Student behind petition for emergency lights to speak in front of senate

GVL / Emily Frye   
Officer Seth Beelen places an individual in the police car on Saturday October 28, 2017.

GVL / Emily Frye Officer Seth Beelen places an individual in the police car on Saturday October 28, 2017.

Rachel Matuszewski

Recently, Grand Valley State University student Renee Vredenburg created a petition to install emergency blue lights on campus, citing the chance to make the campus more safe. Now, Vredenburg is preparing to propose the installation of emergency blue lights to student senate on Thursday, April 12. 

The idea came from a group project in her sexuality, justice and advocacy class. The students began researching why GVSU hadn’t installed these devices years ago. Dozens of college campuses across Michigan have installed their own emergency lights, no matter the size of the campus. 

According to the Holland Sentinel, the question has been brought up over the last 20 to 30 years, but the GVSU Police Department does not see a need for it on campus given the availability of the Rave Guardian app and the safewalk program. Vredenburg disagrees. 

“Grand Valley has a lot of safety built into the way they use GVPD and (even) the way they lay out the campus,” Vredenburg said. “But I think this is an extra thing that should be on our campus. I don’t think the other ways we provide safety are accessible to everyone. Not everyone has a smartphone. That’s saying dangerous things only happen to specific people. 

“It doesn’t seem right to me. Having something that is physically everywhere on campus makes things safer. I think when there is the allusion of safety not as much crime tends to happen.” 

She imagined that if a student were away from the group on a tour and felt unsafe, they wouldn’t know GVPD’s website. Plus, in her opinion, actually going to the website, finding the number and calling it would waste precious time. 

With the proposal, Vredenburg is not only referring to sexual assault, but general campus danger as well. 

“Not only are they emergency phones, but they are actual lights, so putting them in a place like by the bridge where it is dark would not only (illuminate) that area, but it would provide an emergency phone in that area,” Vredenburg said.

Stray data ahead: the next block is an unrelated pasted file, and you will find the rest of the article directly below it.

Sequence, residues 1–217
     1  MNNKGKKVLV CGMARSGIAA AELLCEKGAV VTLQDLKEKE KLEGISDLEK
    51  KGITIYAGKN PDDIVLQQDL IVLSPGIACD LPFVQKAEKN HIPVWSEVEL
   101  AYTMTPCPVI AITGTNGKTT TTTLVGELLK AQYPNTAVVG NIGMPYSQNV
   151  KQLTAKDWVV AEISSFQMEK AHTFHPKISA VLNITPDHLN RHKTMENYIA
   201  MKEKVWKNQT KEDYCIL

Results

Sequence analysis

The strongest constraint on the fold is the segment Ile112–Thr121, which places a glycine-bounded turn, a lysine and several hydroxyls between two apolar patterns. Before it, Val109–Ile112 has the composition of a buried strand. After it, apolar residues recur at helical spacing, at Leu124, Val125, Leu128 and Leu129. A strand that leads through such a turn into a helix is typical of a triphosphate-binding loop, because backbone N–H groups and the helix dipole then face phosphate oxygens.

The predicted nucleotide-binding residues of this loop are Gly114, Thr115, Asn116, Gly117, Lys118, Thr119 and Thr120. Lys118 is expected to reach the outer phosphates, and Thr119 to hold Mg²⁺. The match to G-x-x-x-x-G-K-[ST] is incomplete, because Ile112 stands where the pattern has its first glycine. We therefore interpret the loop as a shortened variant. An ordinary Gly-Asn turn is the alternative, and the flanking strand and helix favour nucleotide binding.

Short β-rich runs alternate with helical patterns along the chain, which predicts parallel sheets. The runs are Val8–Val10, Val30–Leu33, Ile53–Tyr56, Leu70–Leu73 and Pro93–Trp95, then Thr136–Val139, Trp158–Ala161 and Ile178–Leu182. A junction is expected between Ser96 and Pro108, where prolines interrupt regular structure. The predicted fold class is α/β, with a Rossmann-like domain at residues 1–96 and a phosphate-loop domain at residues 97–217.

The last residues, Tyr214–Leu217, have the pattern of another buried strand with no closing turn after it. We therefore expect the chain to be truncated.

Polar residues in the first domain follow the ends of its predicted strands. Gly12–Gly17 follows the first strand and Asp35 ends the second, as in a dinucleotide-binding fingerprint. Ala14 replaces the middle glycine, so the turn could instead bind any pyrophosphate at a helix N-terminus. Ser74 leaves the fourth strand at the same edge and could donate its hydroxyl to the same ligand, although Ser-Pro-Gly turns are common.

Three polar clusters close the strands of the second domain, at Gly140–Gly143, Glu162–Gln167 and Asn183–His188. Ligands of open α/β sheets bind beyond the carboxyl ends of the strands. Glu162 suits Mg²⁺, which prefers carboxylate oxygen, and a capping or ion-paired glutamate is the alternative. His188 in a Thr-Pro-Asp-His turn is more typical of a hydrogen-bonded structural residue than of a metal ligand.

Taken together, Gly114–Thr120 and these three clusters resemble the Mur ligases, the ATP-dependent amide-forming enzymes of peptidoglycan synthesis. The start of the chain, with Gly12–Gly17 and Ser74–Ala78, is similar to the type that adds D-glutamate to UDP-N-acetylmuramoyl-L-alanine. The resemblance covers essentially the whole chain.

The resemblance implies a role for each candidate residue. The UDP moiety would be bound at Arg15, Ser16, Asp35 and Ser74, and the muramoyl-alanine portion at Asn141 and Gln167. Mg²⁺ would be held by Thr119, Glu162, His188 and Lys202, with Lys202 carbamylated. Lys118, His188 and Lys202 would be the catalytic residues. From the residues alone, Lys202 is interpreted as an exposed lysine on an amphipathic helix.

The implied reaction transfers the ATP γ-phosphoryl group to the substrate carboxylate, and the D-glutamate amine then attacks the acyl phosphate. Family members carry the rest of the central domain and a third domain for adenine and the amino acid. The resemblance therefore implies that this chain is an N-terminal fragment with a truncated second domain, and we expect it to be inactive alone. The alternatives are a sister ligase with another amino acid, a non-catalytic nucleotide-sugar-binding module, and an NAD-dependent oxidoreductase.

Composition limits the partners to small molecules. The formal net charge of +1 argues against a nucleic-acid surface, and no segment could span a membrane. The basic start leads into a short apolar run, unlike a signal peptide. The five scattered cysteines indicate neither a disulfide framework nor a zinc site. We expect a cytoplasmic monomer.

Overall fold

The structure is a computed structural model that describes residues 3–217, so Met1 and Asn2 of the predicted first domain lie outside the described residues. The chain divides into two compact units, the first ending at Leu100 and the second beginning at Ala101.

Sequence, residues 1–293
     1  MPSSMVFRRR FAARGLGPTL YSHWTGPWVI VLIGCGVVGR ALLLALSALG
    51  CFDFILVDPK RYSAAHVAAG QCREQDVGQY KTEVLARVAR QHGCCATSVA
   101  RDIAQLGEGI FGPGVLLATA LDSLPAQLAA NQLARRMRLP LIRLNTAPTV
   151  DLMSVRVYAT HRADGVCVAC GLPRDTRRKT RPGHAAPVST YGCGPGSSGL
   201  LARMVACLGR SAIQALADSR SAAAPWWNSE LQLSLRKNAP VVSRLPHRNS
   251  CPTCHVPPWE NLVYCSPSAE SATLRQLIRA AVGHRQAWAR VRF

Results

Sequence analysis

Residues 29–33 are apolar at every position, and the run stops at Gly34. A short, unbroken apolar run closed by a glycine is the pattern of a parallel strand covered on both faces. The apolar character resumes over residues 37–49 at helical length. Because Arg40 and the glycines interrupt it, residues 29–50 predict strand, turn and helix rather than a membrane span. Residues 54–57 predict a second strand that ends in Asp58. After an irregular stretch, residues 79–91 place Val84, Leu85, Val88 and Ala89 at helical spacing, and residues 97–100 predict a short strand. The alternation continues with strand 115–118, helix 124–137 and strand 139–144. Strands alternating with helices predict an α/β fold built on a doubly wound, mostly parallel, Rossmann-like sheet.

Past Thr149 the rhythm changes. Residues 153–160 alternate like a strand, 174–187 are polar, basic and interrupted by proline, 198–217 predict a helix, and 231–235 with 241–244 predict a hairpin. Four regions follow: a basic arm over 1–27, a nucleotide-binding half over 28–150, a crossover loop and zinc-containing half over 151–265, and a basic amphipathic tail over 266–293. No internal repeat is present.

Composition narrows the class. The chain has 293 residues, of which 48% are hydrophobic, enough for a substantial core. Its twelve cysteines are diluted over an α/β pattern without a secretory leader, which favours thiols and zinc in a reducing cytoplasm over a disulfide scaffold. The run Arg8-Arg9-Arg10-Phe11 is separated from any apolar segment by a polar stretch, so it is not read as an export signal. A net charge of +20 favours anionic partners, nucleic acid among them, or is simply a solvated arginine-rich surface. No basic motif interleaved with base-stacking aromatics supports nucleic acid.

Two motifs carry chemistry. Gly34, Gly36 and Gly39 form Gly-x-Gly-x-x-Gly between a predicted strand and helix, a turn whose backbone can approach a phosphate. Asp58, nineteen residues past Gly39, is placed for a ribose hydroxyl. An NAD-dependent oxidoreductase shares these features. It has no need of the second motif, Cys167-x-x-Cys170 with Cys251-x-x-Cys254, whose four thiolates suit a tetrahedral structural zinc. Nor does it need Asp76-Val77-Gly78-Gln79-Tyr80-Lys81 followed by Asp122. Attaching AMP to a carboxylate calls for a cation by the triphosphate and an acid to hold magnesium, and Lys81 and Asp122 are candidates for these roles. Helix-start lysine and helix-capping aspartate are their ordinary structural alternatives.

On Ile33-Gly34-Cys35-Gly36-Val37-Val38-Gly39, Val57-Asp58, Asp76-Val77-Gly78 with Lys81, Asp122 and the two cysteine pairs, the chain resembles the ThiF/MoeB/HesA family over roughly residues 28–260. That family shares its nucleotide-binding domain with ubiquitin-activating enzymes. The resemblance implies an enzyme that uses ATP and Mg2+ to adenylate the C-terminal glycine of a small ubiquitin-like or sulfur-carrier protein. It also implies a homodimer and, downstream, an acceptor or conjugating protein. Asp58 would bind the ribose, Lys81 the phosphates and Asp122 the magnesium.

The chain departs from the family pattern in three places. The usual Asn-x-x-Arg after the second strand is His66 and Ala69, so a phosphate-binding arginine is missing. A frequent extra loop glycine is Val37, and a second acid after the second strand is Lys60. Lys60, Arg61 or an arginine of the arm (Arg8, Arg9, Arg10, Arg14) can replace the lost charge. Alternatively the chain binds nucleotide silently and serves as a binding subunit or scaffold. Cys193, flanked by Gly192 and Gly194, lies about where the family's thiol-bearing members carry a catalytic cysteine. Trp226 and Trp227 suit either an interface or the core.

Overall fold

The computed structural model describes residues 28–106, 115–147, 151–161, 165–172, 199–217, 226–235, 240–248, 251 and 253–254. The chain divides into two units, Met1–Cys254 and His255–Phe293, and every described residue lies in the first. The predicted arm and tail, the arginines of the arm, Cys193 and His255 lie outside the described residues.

Vredenburg understands student senate’s concerns about the cost, as the installation can be between $1,000 and $7,000, and the electricity for the light is extra. As she will be presenting at one of the last senate meetings of the year, she hopes it is a project that can be revised over the summer. It would also provide time to search for grants to lower the cost. 

“This could prevent instances from happening that cost. (Even though) there’s not a money cost, (people’s) emotional toll could change things,” Vredenburg said. “I hope they respond well because this has been brought to them before. I hope they are willing to see what we can do.”

In an interview with the Holland Sentinel, GVPD Chief Brandon DeHaan also questioned where to put these lights, as there are campuses in Allendale, Grand Rapids, Traverse City, Muskegon and Detroit.

“Having them in one location doesn’t quite make sense, but I think having them in one location and starting here is the best because (it’s) where (the) majority of the student body is,” Vredenburg said. 

It’s on Us as Lakers member Maddie Vervaeke agrees with GVPD’s concern. Although the lights may give students a representation of safety, she believes GVSU’s closed campus defeats their purpose. She said if a student were in a dangerous situation walking alone at night, it would be much quicker and easier for them to pull out their phone and activate the app. 

“You want everything to be quick,” Vervaeke said. “You want fast access to (help). I know a lot of people want (this to happen), but I don’t think they realize it’s not the best option. People don’t realize we already have it. It’s probably not what people want to hear. It’s not a matter of (administration) not caring about the students. They already have a better system. It’s not going to work as well as everyone wants it to work.”

Over six hundred Lakers have already signed the petition to install emergency lights on campus. Readers can decide if emergency blue lights are needed at GVSU by signing the petition at